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  • Re-Fashioning the Architectonics of Gender
  • Lucas Crawford (bio)

The word fashion brings to mind a veritable catwalk of positive connotations: its potential as a complex “care of the self” (Foucault 1); its gender-fucking possibilities;1 its gay-infused industries; and its role in questioning conventions of embodiment and consumption (via meat dresses,2 bdsm fetish wear, size thirty-two miniskirts and beyond). Fashion could even function in what Deleuze considers a Baroque mode—to fold ourselves into “the thousand folds of garments that tend to become one with their respective wearers, to exceed their attitudes, to overcome their bodily contradictions, and to make their heads look like those of swimmers bobbing in the waves” (121)—to provide texture, depth, and infinite folds to our unfortunately flat designs and interpretations of bodies. However, a parade of less flattering conceptions of fashion trots on: the often classist [End Page 18] and slender couture both haute and hipster; the questionable labour conditions through which our fashions are stitched and shipped; and fashion’s role in state-sanctioned violence—perhaps most famously, Hugo Boss’s part in designing Nazi uniforms in the 1930s.3

To move beyond this impasse of affirmative or disparaging conceptions of fashion, this article focuses on one discursive circulation of “fashion”—a rather falsely consolidated concept, to be sure. Reconsidering the discursive circulation of fashion means, for me, responding to the many times I’ve been told that being transgender or doing transgender studies is “where it’s at,” “sexy,” or even “so trendy” (Namaste 9). Readers can judge sexiness for themselves of course—but these constant charges/compliments of fashionability demand a question: How does the seemingly neutral figure of fashion in fact operate as shorthand for suspicious judgements about 1) non-normative bodies and 2) the temporal modes with which these often “changing” bodies become associated? Put simpler: Why do only some bodies, identities, and fields of study appear to be fashioned —even to represent flagrant fashion itself —when all are? In “Dress to Kill, Fight to Win,” trans scholar Dean Spade has a seemingly simple answer: because “norms always masquerade as non-choices,” he suggests, the symbolic burden of “fashion” is placed on those whose choices appear to be the weird ones. How can we make clear, then, that “timeless” fashions —that is, norms—are not merely fashioned but are also the most fashionable things around?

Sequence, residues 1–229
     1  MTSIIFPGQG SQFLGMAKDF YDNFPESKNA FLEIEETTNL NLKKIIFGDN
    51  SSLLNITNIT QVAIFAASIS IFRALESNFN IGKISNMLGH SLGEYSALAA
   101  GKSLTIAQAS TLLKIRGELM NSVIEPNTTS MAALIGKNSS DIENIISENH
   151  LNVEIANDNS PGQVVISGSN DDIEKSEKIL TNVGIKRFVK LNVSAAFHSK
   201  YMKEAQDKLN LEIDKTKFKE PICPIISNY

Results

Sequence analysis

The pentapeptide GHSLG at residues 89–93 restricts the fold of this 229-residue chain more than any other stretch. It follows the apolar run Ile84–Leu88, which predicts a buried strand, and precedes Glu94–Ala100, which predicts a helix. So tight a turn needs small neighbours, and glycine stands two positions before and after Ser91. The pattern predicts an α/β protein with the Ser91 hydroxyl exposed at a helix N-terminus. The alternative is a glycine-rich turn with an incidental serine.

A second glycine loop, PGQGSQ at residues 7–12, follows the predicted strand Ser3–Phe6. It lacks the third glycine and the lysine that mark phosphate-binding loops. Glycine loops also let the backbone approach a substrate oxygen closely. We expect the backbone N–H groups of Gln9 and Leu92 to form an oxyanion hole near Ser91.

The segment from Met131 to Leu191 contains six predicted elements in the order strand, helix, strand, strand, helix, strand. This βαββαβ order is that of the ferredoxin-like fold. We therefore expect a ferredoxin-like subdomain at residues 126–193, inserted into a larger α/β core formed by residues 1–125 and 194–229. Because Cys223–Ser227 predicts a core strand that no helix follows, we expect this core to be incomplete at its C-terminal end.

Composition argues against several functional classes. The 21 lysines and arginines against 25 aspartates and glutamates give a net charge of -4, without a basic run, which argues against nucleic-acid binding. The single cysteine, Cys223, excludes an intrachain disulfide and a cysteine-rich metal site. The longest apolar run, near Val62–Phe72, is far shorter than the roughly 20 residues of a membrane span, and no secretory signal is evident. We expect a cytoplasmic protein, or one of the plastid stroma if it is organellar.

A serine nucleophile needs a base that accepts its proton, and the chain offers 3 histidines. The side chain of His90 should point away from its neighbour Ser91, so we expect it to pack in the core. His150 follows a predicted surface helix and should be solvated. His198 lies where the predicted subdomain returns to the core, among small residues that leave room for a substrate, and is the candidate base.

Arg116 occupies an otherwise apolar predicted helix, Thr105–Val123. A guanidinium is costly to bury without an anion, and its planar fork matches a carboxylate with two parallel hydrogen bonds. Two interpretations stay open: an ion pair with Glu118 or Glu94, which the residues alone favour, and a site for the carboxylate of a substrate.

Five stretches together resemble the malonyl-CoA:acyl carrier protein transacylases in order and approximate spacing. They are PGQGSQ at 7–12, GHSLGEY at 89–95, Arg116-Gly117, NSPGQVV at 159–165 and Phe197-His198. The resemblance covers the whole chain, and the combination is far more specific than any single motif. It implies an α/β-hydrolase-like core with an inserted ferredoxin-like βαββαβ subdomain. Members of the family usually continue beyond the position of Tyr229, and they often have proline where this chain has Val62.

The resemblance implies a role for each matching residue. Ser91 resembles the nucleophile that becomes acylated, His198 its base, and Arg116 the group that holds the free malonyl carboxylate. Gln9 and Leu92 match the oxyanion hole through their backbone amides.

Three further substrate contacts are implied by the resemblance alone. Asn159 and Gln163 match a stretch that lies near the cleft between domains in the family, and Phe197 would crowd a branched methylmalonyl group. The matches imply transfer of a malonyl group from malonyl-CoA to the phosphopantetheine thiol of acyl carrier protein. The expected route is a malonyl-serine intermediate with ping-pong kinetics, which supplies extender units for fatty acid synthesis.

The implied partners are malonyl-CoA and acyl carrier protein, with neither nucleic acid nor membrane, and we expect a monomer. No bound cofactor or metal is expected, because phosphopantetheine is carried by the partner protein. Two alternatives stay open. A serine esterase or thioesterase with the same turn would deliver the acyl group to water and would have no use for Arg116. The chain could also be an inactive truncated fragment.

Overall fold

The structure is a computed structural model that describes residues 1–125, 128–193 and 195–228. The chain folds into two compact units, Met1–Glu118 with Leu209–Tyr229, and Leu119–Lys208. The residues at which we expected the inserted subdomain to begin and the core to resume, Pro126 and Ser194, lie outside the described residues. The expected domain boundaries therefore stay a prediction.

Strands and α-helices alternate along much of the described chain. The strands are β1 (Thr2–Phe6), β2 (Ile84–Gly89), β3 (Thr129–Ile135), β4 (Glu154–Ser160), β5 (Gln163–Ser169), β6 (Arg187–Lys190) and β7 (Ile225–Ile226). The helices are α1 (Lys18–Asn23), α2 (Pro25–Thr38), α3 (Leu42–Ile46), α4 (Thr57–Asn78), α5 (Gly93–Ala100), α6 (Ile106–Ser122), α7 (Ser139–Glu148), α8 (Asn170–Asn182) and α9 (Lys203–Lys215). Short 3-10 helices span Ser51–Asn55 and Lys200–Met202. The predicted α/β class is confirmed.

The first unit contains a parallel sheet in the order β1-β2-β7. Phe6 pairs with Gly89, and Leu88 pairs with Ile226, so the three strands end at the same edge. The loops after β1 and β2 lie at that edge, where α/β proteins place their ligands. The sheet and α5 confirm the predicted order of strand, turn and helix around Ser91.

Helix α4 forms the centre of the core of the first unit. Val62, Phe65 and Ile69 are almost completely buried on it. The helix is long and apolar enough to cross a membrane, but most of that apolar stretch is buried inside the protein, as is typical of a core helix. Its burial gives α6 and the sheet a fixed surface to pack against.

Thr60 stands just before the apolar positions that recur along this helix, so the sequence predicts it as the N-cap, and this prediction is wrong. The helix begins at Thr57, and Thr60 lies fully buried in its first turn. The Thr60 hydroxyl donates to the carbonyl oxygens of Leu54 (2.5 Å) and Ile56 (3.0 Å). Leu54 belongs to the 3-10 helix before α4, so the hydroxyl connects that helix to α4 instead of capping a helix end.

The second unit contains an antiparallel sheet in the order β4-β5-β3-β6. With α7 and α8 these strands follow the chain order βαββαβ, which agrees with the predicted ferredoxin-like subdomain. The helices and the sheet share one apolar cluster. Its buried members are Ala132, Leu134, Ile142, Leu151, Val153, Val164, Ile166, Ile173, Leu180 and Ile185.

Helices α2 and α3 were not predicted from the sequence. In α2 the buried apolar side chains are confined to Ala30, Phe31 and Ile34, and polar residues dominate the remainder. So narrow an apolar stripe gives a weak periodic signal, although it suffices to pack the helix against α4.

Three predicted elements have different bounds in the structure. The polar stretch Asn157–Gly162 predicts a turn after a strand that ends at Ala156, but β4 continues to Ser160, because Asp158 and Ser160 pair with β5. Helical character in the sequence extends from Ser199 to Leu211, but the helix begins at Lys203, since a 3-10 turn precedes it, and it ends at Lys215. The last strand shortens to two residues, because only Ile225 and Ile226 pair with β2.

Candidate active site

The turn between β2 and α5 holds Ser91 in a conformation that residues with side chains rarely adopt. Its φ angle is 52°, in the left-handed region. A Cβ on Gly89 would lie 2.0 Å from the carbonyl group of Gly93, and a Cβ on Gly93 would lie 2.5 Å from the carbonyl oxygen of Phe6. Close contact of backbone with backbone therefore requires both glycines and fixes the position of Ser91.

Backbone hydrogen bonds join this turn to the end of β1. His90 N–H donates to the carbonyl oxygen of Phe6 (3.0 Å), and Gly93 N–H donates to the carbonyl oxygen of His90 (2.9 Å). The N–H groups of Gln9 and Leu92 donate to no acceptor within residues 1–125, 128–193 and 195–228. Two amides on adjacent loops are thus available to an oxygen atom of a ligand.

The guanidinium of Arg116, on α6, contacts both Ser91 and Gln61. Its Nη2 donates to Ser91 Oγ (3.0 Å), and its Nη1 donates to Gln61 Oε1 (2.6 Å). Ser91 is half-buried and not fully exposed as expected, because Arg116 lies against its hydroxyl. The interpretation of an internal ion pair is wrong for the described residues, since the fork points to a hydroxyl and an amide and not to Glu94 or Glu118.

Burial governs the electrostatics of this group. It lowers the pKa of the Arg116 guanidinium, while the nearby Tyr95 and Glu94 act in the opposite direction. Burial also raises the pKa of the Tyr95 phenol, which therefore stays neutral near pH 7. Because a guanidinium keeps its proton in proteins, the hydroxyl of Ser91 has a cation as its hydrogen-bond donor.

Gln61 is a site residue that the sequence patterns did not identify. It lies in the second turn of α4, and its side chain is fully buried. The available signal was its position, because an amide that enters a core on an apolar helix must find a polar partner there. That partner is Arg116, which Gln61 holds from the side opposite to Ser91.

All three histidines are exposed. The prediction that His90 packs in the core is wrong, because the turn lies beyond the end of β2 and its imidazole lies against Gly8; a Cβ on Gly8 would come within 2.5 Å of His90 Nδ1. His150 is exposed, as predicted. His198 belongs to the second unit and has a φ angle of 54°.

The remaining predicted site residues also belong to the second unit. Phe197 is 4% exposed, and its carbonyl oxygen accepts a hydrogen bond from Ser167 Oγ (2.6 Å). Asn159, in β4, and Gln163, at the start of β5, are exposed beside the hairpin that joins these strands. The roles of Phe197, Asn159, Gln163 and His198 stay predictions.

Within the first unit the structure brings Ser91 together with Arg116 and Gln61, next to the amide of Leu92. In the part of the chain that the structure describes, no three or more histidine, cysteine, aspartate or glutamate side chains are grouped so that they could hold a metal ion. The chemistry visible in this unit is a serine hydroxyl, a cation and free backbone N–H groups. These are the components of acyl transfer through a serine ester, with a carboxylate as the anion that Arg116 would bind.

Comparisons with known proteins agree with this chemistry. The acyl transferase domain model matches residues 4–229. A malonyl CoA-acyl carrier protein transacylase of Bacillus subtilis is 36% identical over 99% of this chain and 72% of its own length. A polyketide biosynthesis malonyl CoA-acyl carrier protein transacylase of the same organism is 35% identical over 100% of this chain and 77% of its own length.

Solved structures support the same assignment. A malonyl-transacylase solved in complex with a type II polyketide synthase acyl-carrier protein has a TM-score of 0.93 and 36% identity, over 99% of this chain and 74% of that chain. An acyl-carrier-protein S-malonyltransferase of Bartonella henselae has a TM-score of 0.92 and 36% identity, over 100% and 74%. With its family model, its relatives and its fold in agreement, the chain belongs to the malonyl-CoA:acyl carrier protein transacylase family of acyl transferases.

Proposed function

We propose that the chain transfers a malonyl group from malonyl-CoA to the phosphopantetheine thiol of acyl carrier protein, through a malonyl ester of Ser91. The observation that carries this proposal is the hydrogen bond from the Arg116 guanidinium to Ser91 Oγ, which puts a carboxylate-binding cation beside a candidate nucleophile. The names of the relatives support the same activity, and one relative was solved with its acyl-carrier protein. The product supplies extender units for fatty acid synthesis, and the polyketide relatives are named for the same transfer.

In response, I consider one example of a very fashionable norm: the simple men’s white dress shirt. In his book White Walls, Designer Dresses: The Fashioning of Modern Architecture, Mark Wigley shows that the early modernist trend of whitewashed buildings collaborated with new formal fashion trends in a problematic project of spatial “purity” (xvi)—one that staged itself as a return to eternal design standards and configured all else as “degenerate” (19), a “disease” (20), mere “ornament” (19), and a “crime” (19) in Adolf Loos’s words from 1908. Influential modernist architect and writer Le Corbusier concurs in his whitewash manifesto: to him, whitewash is “extremely moral” (192) and therefore leads from architectural cleanliness to moral cleanliness (188). He goes as far as to suggest that modern society “demand[s] of us that we think with a background of white” (183) and that the ostensibly leftover ornament of nineteenth-century architecture ought to be expelled by human society like shit. As [End Page 19] Le Corbusier puts it: “[W]hen we eat, nature knows well how to rid us of what has served its purpose” (189). Wigley points out that in this specific modernist discourse, “[T]he white garment purifies an age, cleaning away the detritus of the past to open up a new future” (284). At this moment, then, the long life of flat white fashions4 is expunged in order to operate as “the very figure of the rejection of fashion” (xxiv)—to fulfill “the modernist dream of the self-effacing archive” (O’Driscoll 293).

By calling in seemingly eternal narratives of nature, evolution, and morality, Loos and Le Corbusier both call on the white surface to do the dirty work of defining new modernist styles as timeless, natural, and anti-fashion. This may seem innocuous...


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